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Model import FAQs

Discussion in 'Editor & General Support' started by OllyNicholson, May 6, 2014.

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  1. OllyNicholson


    Unity Technologies

    Jun 17, 2011
    Many people ask about exporting and then importing their models into Unity; it's always a good idea to follow the FBX Export page in the documentation, but here are some of the most Frequently Asked Questions:

    Which file type should I use?

    Native (.Max, .MB .Blender etc) or proprietary 3D application files can be faster to iterate with saved files, but may contain un-necessary data / assets and can make it harder to verify your models and textures. Additionally project containing these files are not portable to machines without the corresponding 3D package.

    FBX allows a more modular approach to exporting your assets and enables embedded textures as well as many other exporter options to simplify the transition of your model into Unity.

    More information is available on the Import Object page in the documentation

    What type of meshes can I export?

    Triangulated Polygons. Anything else -e.g. Multi-Res Meshes, Sub-Div Surfaces, Nurbs etc. should be converted to an editable polygon mesh in the application first, where possible - or Unity will either not import mesh or the exporter may convert it for you with unexpected results (unnecessarily high polygon count, unexpected appearance)

    How many polygons/vertices does Unity Support?

    There is no hard limit per se, some older hardware will only support 64,000 verts per mesh (so less polygons, depending on configuration) but mostly Unity can handle a range of polygon counts and handles meshes with greater than 64,000 verts breaking them up behind the scenes.

    So this depends heavily on your target platform and the rest of your assets, but as a general rule, you should use only what your player will see. The more polygons you use in one mesh, the less meshes you can render in total, or less polygons in your environments or FX, so optimise your meshes where possible, e.g. use polygons cleverly to describe curved shapes where it counts, but sparingly where not noticeable. Make use of automated polygon optimisation/reduction tools in your package.

    Why is my model too big/small?

    Unity is set to import assets at 0.01 scale by default, to match centimetres which is the Maya default for example. So when you export a cube of 100 units in your package (length width and height) - you get a 100 cm cube in Unity (1 metre). If your units are set to metres and your cube is 1 unit in your 3D package, then you will need to adjust the Scale Factor in unity to 1.0 and your cube will be one metre in Unity. So for metres:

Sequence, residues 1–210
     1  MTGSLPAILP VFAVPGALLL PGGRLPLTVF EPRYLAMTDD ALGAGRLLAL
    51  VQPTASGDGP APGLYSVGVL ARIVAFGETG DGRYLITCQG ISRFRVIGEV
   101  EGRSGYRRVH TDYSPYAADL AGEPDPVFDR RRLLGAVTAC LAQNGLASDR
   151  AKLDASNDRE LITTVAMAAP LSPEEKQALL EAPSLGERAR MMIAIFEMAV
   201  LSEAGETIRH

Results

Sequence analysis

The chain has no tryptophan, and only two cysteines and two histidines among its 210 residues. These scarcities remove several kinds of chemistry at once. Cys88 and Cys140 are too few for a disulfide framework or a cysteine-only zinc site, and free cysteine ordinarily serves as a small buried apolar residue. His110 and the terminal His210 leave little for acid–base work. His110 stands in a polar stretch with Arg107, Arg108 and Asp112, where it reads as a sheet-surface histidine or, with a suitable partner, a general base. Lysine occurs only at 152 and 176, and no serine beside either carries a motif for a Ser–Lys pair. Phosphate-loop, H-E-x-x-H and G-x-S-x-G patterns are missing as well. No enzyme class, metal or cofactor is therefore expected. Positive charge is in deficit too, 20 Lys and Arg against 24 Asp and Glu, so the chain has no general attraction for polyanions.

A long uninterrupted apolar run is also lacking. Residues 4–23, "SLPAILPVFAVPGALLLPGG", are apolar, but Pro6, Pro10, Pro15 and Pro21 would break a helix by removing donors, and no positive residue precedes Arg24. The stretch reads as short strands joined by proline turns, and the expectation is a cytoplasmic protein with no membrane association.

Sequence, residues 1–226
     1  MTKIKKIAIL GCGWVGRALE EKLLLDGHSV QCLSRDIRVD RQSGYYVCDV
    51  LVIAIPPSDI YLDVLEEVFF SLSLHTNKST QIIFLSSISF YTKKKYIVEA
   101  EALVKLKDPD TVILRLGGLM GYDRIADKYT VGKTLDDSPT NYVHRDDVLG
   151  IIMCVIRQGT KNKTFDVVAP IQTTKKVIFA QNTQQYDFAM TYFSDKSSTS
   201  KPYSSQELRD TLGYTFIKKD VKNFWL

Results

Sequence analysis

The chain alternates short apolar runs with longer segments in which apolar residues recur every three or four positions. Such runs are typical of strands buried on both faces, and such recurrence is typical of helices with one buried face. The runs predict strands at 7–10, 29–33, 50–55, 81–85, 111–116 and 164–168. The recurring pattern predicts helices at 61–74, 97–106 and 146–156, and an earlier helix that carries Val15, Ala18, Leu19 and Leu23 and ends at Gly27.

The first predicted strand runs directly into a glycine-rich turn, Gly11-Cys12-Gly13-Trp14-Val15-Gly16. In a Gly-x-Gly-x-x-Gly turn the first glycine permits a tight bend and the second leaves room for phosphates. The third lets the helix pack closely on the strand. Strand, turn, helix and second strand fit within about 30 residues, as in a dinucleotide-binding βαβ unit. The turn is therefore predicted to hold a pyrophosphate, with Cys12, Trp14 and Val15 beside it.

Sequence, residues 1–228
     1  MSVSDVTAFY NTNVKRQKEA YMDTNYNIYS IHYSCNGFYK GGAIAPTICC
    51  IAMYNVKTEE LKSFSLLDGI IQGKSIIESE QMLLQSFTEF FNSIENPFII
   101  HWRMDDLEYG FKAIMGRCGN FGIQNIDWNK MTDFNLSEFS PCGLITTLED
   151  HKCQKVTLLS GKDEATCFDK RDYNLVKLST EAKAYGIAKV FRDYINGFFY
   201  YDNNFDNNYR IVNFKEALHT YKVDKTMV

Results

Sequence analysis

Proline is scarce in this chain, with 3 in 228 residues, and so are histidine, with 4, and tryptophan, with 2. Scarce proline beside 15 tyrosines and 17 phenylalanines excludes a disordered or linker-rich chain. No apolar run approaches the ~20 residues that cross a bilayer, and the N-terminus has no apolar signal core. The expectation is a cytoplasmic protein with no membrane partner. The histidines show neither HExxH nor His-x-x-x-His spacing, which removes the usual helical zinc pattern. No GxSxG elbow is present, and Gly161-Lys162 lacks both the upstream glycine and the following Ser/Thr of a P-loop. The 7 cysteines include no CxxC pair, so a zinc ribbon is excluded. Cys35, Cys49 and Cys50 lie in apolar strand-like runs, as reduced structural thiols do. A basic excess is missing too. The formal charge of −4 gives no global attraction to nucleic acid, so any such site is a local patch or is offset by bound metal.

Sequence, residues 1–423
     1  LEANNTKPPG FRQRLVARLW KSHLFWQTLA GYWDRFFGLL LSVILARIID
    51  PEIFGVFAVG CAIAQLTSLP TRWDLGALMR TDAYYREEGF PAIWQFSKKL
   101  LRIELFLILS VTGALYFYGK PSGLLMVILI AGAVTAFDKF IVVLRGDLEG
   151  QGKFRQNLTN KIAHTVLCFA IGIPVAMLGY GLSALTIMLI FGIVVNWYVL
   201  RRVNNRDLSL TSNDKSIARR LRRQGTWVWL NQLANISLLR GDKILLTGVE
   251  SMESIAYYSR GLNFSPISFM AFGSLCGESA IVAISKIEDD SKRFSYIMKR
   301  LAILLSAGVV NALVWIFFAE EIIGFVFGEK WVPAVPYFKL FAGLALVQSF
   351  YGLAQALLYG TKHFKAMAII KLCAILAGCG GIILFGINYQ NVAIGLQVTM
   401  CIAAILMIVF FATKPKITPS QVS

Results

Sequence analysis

Project Pane > Select Object > Inspector > Scale Factor > 1.0 > Apply

    Why is my model grey in Unity?

    Your textures are likely missing, from the Unity project to remedy this follow the Material Texture FAQ but crucially these steps:
    • Use a compatible format, or bake your textures if they are procedural or an unsupported format.
    • Copy them into your project, inside a folder called \textures within the folder where your model is exported to (and re-path them from your 3D application if iterating)
    • Or embed them, by checking the option in the FBX exporter
    Why does my mesh appear inside out?

    There can be a few reasons why normals are flipped or your model appears inside out one inside Unity - check your source model:
    • Reset and transforms left over from mirroring/duplicating geometry
    • Weld verts within a threshold to create a contiguous mesh where applicable
    • Collapse your object to a polygon mesh in your source package
    • Use normal (face direction) tools to check your faces are not flipped or hide backfaces
    • Fix your mesh and flip any relevant faces
    • Verify your export (re-import in to 3D package before Unity)
    • Check Project > Select mesh > Inspector > Model > Normals & Tangents > import/calculate settings
    • Check your shader/material combo in Unity, it may adjust your normals
    Last edited: Jun 16, 2014
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